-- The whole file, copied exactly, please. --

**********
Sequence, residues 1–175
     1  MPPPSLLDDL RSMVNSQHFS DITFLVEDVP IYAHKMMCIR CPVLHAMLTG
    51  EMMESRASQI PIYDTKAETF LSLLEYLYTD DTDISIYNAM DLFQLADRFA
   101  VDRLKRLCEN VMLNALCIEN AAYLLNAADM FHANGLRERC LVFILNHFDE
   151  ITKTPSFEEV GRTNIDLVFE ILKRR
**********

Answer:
Sequence, residues 1–175
     1  MPPPSLLDDL RSMVNSQHFS DITFLVEDVP IYAHKMMCIR CPVLHAMLTG
    51  EMMESRASQI PIYDTKAETF LSLLEYLYTD DTDISIYNAM DLFQLADRFA
   101  VDRLKRLCEN VMLNALCIEN AAYLLNAADM FHANGLRERC LVFILNHFDE
   151  ITKTPSFEEV GRTNIDLVFE ILKRR